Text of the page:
It was March, the morning of my birthday, and I woke up alone. I let myself sleep in to 8:30 AM (yes, born to be wild, that's me) and thought for sure that I would be showered with gifts and indulgences from the moment I cracked my lids open. But there I was, lying in my college T-shirt wiggling my toes, alone. Where's my birthday breakfast in bed? Where's my spa gift certificate? Why isn't the phone ringing off the hook? Don't I even get a cupcake? Humph! After hearing me stir around in bed, my husband appeared in the doorway of our bedroom, looking a bit worried.
"What's wrong?" I asked, still a bit groggy.
"Oh, nothing. It's just your birthday gift. I'm afraid you're going to be mad at me."
"What? Why would I be mad at you?"
"I dunno. I just think you will be." His face exposed a mixture of concern and giddiness. "It's kind of a big deal."
"Ugh. What the hell? Did you legally change my name or something? What's going on?"
"Fine. I'll tell you. Uh, I got us tickets to Italy for a month." He said this as quickly as he could while wriggling up his face the way a little kid does when admitting he did something wrong but knowing that his parents won't do anything to him because he's just so darn cute.
"What?!?" I'm sitting up now, eyes and mouth wide open. I am a fright.
"Italy for a month...for you! And me, I guess." He was ducking his head as if bracing himself from a blow.
"A MONTH?!?! I can't do that?!?! Are you nuts?" The rise in blood pressure and heart rate associated with extreme panic kicks in. I'm starting to sweat. My face is hot with redness.
"Well, I can't do anything about it now. It's non-refundable, " he said, shrugging.
"I can't believe this! Jeez! How the hell am I going to do this?"
"I'm sorry." He was laughing at this point.

I lied back and stared at the ceiling. I started my anti-panic mantra I inherited from my eternally optimistic Italian father: Don't worry; it all works out. Don't worry; it all works out. Life is beautiful. Don't worry be happy. La vita e bella. "Okay. Okay. When did you get them for? Maybe I can work something out..."

He said the dates and I quickly flipped through the planner in my head and assessed the damage. "Okay, well, technically, classes will be over by then so no teaching or office hours. I can work on my research when I return, I suppose--to the disappointment of my advisor but I'm getting used to that. But what about my clients? I guess I can also put my clients on hold until then--I'm a student after all. Hmmm. This could actually work." I was processing all of this information out loud and hubby's eyes brightened with each scheduling solution. "Alright, I guess I'll have to make this work, right?"
"It's not like it's a horrible thing to have to work in your schedule. It's freaking Italy!! For a month!!" He's laughing now. The wave of panic I was experiencing began to wash away and a new, stronger wave of emotion swept over me.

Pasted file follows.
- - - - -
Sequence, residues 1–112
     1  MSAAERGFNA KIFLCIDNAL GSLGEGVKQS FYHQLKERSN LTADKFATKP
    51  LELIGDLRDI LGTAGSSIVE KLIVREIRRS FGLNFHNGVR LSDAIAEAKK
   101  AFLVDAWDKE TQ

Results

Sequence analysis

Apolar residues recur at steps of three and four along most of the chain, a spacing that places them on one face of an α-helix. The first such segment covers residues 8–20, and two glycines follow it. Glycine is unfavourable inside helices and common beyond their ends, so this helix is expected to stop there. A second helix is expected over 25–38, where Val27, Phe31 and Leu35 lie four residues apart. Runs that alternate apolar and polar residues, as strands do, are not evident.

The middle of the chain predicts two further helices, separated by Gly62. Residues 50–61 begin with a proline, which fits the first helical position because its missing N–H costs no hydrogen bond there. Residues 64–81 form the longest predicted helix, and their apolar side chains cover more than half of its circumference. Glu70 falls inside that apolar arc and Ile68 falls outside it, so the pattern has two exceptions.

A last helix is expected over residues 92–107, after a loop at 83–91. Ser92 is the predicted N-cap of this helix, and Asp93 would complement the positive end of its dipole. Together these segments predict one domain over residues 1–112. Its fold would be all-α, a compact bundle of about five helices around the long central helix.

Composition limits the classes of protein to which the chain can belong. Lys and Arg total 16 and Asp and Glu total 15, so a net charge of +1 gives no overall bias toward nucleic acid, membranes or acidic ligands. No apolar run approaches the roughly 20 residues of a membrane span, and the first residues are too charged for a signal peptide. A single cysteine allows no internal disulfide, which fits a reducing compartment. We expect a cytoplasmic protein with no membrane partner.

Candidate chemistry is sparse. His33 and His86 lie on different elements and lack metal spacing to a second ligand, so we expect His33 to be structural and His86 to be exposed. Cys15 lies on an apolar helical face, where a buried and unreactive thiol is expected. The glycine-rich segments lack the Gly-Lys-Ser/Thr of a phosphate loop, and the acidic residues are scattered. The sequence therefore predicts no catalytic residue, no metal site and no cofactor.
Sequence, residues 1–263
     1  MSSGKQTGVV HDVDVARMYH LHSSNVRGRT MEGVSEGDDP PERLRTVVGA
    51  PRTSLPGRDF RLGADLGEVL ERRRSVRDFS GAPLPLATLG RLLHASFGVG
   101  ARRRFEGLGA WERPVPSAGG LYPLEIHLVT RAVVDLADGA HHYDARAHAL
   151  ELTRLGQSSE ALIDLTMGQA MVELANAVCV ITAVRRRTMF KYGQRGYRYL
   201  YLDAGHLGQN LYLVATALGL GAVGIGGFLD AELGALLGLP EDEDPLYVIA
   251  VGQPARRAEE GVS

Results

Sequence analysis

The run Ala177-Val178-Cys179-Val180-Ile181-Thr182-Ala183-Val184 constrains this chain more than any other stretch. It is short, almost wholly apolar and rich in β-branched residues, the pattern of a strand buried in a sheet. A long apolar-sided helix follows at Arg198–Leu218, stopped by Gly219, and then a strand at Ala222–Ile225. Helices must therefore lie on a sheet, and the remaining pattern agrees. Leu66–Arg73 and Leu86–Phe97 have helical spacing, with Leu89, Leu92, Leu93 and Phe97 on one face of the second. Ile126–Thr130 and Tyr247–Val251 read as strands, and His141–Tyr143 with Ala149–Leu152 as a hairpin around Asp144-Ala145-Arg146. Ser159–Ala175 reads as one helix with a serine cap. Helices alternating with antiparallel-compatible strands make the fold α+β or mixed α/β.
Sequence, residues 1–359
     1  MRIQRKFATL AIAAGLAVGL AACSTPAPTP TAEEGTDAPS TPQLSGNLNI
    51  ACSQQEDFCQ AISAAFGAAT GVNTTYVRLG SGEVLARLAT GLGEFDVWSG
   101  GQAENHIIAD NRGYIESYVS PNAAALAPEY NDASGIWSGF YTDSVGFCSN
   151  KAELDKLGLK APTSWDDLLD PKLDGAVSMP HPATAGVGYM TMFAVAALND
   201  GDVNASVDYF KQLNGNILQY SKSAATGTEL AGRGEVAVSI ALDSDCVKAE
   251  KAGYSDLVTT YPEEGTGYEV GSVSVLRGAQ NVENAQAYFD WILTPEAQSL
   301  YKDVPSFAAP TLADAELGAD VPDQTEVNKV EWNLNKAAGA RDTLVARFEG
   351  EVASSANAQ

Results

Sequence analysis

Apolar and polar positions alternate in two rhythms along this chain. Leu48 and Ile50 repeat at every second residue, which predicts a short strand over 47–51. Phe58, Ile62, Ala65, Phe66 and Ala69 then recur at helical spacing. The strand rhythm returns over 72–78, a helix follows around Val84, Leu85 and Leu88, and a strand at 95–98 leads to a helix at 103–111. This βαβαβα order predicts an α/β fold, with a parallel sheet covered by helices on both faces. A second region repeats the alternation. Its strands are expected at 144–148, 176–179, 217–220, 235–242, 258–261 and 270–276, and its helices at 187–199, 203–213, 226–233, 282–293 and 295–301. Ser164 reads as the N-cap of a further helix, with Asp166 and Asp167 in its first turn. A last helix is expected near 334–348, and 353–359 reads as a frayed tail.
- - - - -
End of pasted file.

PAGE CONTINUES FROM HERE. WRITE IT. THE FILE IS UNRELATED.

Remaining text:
"AHHHH! ITALY FOR A MONTH!! WOOHOO!! Thank you, thank you, thank you!! You're the best!! I can't believe this? How did you swing this?"
"Yeah! It's you can do it, right?"
"I guess I have to!"
"Great. Well, there's another surprise."
"Another surprise?! Holy shit! What else could there be???" I'm rolling around in the while fluffy cloud that is our down comforter, while giggling like a 2 year old.
"Well, now I have to actually buy the tickets," he said, with that wrinkled up look on his face again.
"What? You didn't get the tickets?"
"No, I wanted to make sure that you could do it before I bought the tickets. They're non-refundable, you know."
"Arrgh! Are you kidding me?" Hubby is totally cracking up now. Semi-relieved, I went on, "Well, maybe we should go for two weeks instead. That might be easier. How are we going to afford a month there anyway? Do you know how shitty the Euro is now?"
"No! You said you could do it and I'm going to get them right now. It's all set up. I just have to hit confirm purchase on the website." He started to head for the living room. I leaped up out of the bed and chased him. We're now running to the couch where his laptop is sitting waiting for further instruction. If I were the laptop, I'd would have been petrified at the sight of my hubby and I sprinting towards it looking like rabid beasts. He, of longer limbs, got there first and hit the space bar. It was done. Purchase confirmed.
"How could you just throw away a trip to Italy like that? Are you nuts? And don't worry about the costs, I already have some sweet travel assignments that will cover some of that." he said, a little annoyed now.

Dazed, tired, and a little hungry, I stared at him for a moment. He looked like a deer in headlights. After all, his certifiably insane, workaholic wife was staring at him like a lion casing a cattle farm. Then flatly, I said, "I guess we're going to Italy for a month. Holy shit. Well, that's just great. Let's get breakfast."

And that's how we ended up in Italy for the last month. As you can imagine, fun, adventure, and hijinks ensued--reports of the more memorable moments will soon follow. Ci vediamo pronto!